These Trends Will Drive the Convergence of Music and Brands in 2024 and Beyond

From health & wellness to AI, hyper-personalization, nostalgia and more

Music and brands are more connected than ever, and growing closer all the time. Below, we look at some trends and social drivers providing momentum.

Health & Wellness 

There's no question that our society is facing an unprecedented crisis around mental health. This precipitates fresh approaches to aligning culture and cultural pursuits with self-care. For example, Gen Z wellness platform Woo [with input from Rebecca Jolly, one of this essay's authors] created a popular content series called "Higher Frequencies." The initiative is designed to bring the power of audio-based healing into people's homes and reach a mainstream audience. Working with a wellness expert, pop artists including Beabadoobee, Flume and Ashnikko created tracks and mixes along soothing frequencies, incorporating neuroaesthetic design.

We've also seen music therapy used in clinical settings to treat a vast spectrum of injury, trauma and cognitive issues. A recent study by Imperial College London, along with the Centre for Psychedelic Research, engaged a team of music pros and producers from Swell Studio to design a program for chronic pain sufferers who had ingested Psilocybin, a psychoactive compound modeled on the naturally occurring "magic mushroom." The goal: enhance the effect of the treatment.

The tech world has actually been capitalizing on this approach for some time. Apps like Calm and Headspace weave music through their meditation practices, and Moonai seeks to alleviate menstrual pain symptoms with relaxing sounds. Also, labels such as Heart Dance Records and Nova Earth are specializing in music designed for wellbeing.


Spotify's February 2023 launch of its DJ feature, billed as "an AI DJ right in your pocket," was a big leap forward for hyper-personalization in music. Media and entertainment companies are seeking to better serve users by basing content on consumer habits and profiles. What makes Spotify’s DJ different? It's essentially "trainable," anticipating listener desires.

Spotify employs Generative AI to add context, bringing folks deeper into the songs they already love. The question becomes, "Do people want hyper-personalization all the time?" Terrestrial radio remains strong because we enjoy getting news and music context from DJs and studio guests. Being part of such live, in-the-moment experiences can foster strong communities. It will be interesting to see how the convergence of hyper-personalization and community evolves.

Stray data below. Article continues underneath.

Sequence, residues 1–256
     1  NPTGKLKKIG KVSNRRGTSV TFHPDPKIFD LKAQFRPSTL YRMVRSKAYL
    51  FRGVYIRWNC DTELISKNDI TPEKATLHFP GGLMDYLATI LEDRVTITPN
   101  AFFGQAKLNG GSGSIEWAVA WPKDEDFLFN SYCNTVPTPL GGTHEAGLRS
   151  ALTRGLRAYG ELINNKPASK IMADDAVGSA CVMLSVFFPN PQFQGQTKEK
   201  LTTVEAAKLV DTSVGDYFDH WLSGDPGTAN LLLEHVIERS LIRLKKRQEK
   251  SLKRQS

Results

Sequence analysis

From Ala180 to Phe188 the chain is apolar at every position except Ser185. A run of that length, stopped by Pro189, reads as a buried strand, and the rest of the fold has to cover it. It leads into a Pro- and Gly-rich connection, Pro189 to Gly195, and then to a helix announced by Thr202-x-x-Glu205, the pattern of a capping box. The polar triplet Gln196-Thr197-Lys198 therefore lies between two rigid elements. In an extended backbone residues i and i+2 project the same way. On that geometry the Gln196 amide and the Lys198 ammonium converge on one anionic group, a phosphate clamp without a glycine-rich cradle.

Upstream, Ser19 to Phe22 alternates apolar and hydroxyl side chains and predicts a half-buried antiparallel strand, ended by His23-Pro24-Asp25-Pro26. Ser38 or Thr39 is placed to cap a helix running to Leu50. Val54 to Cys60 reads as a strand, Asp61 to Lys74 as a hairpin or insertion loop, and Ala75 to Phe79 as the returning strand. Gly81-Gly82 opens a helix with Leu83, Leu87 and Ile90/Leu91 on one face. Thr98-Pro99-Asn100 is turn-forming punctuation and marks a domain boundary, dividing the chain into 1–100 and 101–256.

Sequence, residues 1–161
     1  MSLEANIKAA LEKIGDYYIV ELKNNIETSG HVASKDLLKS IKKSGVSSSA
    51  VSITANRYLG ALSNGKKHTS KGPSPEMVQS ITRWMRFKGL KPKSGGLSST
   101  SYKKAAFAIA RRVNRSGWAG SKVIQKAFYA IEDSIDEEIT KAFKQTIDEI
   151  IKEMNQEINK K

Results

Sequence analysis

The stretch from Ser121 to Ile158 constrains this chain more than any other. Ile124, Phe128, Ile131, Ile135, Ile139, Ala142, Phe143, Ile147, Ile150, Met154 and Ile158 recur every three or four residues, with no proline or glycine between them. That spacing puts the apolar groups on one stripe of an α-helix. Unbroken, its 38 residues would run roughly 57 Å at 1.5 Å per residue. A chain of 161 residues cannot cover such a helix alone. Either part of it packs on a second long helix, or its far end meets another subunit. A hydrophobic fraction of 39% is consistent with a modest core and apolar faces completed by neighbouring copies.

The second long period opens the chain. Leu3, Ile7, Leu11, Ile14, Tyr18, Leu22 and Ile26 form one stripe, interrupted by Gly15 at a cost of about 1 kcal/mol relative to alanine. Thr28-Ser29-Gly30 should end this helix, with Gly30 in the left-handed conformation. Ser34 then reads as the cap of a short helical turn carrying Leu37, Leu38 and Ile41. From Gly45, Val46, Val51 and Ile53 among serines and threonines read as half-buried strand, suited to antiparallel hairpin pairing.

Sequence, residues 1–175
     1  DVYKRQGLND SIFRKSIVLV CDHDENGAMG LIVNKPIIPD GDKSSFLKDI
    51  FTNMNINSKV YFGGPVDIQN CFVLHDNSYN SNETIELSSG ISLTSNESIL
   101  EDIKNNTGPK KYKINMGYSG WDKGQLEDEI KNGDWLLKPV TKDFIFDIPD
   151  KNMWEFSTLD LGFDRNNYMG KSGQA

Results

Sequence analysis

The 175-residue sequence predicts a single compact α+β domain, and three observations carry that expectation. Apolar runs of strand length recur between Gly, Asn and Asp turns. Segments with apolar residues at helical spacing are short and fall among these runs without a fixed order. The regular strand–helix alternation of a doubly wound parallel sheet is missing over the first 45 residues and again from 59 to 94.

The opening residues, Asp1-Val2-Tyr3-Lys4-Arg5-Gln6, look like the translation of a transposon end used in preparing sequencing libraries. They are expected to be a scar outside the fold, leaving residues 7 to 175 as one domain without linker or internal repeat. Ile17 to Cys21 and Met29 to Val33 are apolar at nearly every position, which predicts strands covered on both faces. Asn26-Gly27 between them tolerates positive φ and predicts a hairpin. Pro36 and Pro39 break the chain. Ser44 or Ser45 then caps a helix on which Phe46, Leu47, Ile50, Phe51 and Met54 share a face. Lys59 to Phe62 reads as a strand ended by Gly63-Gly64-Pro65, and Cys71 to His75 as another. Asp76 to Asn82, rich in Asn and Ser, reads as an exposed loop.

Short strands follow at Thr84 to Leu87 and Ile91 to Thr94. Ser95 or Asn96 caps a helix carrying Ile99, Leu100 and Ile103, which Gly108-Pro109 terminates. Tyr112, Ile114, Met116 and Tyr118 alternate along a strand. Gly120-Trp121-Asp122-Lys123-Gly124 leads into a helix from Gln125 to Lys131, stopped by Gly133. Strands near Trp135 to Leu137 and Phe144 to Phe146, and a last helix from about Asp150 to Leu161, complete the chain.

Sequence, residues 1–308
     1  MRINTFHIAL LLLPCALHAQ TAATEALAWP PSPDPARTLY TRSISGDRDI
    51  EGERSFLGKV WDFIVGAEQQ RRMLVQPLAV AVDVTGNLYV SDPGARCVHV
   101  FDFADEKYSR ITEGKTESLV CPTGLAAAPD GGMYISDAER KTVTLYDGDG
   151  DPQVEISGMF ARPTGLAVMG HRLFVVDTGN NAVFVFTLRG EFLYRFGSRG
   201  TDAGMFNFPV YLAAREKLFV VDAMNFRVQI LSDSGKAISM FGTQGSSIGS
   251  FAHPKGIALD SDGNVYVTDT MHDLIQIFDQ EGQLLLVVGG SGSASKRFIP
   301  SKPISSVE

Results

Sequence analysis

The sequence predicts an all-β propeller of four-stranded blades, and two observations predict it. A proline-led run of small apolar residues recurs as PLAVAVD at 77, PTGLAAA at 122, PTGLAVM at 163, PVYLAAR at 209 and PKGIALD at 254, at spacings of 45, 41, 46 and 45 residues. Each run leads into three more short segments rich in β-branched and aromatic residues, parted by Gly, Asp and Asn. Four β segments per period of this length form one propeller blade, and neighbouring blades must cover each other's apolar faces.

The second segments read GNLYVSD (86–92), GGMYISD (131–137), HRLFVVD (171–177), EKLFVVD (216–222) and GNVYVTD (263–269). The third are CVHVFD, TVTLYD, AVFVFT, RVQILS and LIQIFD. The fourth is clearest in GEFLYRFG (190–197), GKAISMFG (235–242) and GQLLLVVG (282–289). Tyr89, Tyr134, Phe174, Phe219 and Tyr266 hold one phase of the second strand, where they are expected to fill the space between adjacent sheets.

Music at the Core of Brand Building 

The first branded song, "Have You Tried Wheaties?" by General Mills, hit the airwaves in 1926. Since then, Coke, Pepsi, Vans, Adidas, AmEx, Apple and more have used tunes to drive awareness, strengthen consumer relationships and weave themselves into the fabric of everyday life. 

This year represented two tipping points. First, we saw TikTok ingratiate itself to the masses. This prompted other platforms and marketers to think more strategically around music. Some are repeating rewards—just look at Taco Bell and Burger King

A second tipping point involved McDonald's, with the fast feeder named one of 2023's most innovative brands by Fast Company. This reflects the role music has played in helping the chain enhance its cultural relevance. McD's recognized that by partnering with music artists—Travis Scott, J Balvin, Saweetie, BTS—to create "Famous Orders," its target audience would join the conversation and ultimately experience the meals for themselves.


A stroll down any high street shows that the '80s and '90s are back in vogue. You'll spot teens in Von Dutch caps, low-rise jeans and slip dresses. Classic songs are becoming instantly recognizable to youth audiences through TikTok trends and content. Who can forget the 1985 track that lit up contemporary playlists—Kate Bush's "Running Up That Hill," thanks to Stranger Things and social hype.

And that's not the only example. From Geico's "Scoop There It Is" to Uber Eats Super Bowl revival of one-hit-wonders, nostalgia is the gift that keeps on giving.

Music AI 

AI has been a hot topic in music industry and creator circles for some time, and ChatGPT has amplified the debate around tech replacing musicians and crafting songs. Google has even released an experimental AI tool called Music LM that can turn text descriptions into melodies.

Most likely, the practical role of AI will focus on embellishing or creating derivatives of artists' work. Grimes has already embraced this concept by launching Elf.Tech, designed to help people duplicate her voice to make hybrid tracks.

Innovations in music can reshape culture. Naspter and Spotify changed the landscape, providing artists with easier ways to distribute their output. AI appears poised to make a similar impact.

The Roland 808 was a drum machine released in 1980 that enabled early hip-hop creators to tap out beats that defined a generation and changed pop culture forever. Does AI have the power to help artists create new genres in similar fashion? Why should someone be limited to expressing themselves based on their physical ability to hit the correct keys on a piano or strum a guitar? 

AI won't eliminate the need for emotion, inspiration and talent in music. More likely, it will provide new vehicles for heightened expression, pumping up the volume on brand messages in fresh and exciting ways.

Profile picture for user Joe Belliotti and Rebecca Jolly
Joe Belliotti and Rebecca Jolly
Joe Belliotti is SVP of strategy at Mayflower Entertainment. Rebecca Jolly founded Sounds Nice.

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